The Tip of the Iceberg

Sexual Harassment Affects Employers, Large and Small

Major sports figures, entertainment industry icons, corporate CEOs, and politicians are all affected by the recent wave of sexual harassment claims. While these high profile cases are just that, do not be fooled into thinking this issue won’t move downstream and affect middle market companies, like yours. It’s better to be proactive and engage your employees in an honest discussion than face a lawsuit.

According to a 12/19/17 article in the Wall Street Journal, the Office of Compliance released information recently showing it has paid victims more than $17 million since its creation in the 1990s, using an account in an office in the Treasury Department…the revelation that members were using the fund to pay for sexual-harassment claims caused an outcry and sparked multiple proposals to ban the practice.

Twenty to thirty years ago, sexual advances and other inappropriate behaviors in the workplace (consensual or not) were de rigueur. Times have changed, and today any form of disrespect, intimidation, or assault is considered harassment. Regardless of your personal experiences and opinions, inappropriate behavior of any kind is a reflection on the company, its shareholders, and customers, and thus essential to the health and prosperity of the organization. For those with their heads in the sand, look no further than the punishment being carried out on the front pages of newspapers throughout America—immediate dismissal and reputation ruin!

No wonder business leaders are in a state of extreme anxiety—confused about where to draw the line between collegial friendliness and potentially harmful behavior.

What can you do as a leader of a middle market or privately owned entity to address this topic?

  1. First, become educated. Understand the laws and legal implications regarding harassment situations that have occurred in the past and may occur in the future. We’re in the midst of rapidly changing social norms, so take a hard look and never assume something in the past was harmless.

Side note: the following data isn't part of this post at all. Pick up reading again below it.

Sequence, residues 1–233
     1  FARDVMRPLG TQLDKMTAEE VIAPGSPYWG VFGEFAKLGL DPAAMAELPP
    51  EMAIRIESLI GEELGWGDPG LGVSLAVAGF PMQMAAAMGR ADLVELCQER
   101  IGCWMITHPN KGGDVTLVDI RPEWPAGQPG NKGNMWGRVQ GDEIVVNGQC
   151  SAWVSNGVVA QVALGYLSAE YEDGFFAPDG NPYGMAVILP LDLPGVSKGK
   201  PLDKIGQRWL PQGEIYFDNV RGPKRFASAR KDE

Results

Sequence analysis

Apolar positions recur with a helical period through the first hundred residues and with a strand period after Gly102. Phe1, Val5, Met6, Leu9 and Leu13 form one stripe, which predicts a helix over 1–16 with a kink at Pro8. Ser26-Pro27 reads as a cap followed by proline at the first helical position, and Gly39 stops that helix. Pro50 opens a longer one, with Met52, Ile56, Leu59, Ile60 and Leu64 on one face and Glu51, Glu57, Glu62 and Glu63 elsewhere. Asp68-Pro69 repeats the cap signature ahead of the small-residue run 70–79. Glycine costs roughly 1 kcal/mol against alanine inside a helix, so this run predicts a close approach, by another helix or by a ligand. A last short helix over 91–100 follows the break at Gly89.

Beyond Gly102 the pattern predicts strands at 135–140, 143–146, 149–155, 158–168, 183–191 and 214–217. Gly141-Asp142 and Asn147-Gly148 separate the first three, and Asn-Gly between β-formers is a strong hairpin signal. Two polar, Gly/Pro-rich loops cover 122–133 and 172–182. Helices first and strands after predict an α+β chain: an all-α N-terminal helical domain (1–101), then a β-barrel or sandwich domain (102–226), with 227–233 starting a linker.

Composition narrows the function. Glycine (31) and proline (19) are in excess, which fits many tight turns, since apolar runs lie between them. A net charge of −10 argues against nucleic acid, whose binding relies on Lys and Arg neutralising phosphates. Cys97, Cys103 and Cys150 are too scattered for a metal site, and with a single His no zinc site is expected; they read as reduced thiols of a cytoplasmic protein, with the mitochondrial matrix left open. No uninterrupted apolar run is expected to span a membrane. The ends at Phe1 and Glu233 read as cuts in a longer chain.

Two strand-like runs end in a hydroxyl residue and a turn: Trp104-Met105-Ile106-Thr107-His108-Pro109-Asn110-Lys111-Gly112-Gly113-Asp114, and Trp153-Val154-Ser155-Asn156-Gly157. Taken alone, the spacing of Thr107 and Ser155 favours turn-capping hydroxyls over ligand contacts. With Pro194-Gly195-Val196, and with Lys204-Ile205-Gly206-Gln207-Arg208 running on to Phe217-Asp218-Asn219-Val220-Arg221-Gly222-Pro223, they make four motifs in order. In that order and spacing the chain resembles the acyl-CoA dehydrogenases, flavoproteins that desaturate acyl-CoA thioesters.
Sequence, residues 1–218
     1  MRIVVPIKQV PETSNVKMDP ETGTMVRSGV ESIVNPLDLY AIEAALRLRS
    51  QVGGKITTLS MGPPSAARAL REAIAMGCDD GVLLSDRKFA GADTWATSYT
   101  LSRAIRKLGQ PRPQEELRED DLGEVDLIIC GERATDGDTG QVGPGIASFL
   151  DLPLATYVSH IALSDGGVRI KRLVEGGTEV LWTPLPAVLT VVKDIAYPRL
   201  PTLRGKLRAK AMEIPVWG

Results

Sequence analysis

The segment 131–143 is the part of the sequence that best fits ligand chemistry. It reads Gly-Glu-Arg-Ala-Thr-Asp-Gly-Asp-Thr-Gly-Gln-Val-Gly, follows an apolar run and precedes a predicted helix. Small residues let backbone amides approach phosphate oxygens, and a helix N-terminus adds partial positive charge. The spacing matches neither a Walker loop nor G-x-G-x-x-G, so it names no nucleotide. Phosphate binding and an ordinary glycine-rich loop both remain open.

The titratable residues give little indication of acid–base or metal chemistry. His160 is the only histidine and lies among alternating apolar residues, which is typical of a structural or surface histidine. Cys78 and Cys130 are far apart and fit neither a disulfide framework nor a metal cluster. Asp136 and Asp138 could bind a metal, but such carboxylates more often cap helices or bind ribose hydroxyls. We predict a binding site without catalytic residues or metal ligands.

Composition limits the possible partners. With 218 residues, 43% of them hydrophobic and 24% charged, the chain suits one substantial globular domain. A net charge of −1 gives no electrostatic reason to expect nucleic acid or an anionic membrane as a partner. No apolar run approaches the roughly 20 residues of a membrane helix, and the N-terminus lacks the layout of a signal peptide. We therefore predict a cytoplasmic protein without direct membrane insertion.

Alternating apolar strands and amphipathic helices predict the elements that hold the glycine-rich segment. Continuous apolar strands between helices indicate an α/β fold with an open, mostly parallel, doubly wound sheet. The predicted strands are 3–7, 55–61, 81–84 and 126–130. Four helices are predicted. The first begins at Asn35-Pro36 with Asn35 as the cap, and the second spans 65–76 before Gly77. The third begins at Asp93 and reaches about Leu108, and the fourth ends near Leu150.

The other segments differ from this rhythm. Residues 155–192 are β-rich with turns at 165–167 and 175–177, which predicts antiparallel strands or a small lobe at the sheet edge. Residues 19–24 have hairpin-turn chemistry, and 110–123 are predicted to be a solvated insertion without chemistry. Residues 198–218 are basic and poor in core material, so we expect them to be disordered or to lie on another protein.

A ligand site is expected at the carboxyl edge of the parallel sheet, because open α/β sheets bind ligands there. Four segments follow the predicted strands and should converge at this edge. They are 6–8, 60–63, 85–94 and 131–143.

2. Next, be proactive. Reexamine how you and others in your organization are engaging with colleagues and staff. Then develop an outlet to talk with your people—directly, via human resources, and/or through an independent third party. Be sensitive to the boss/subordinate hierarchy and the potential impact on someone’s career. Let it be known that your company’s values include treating everyone fairly and mutual respect.
  3. And finally, review your harassment policy and create a plan in the event someone in your company requires an investigation. Here’s where a third party is essential, because anyone in your company can be considered too close to the situation to have an unbiased opinion.

The downside is that the public conversation, while necessary to raise awareness, can affect the day-to-day professional interactions between men and women in a negative way. The fallout—often overcorrection—is unfortunate, but unavoidable, to a great extent. Companies need to exercise good judgment when revisiting their policies to ensure that employees understand that they will be treated fairly.

HCC Partners can help you and your organization in a number of ways:

  • We can develop a company-wide policy. It’s best to get something in writing that the company is behind and can support.
  • We can both design and deliver training. Since definitions, interpretations, and society norms are changing, so is training and nothing can get the point across better than believable scenarios. Training also presents an opportunity for open and honest discussion—as well as ways to address inappropriate behaviors, without escalation.
  • In the event of a harassment claim, we can perform the investigation as an unbiased third party.

Let HCC Partners help your company remain prepared for the unexpected. Contact Jim Geier, Founder at 215.244.8110 or

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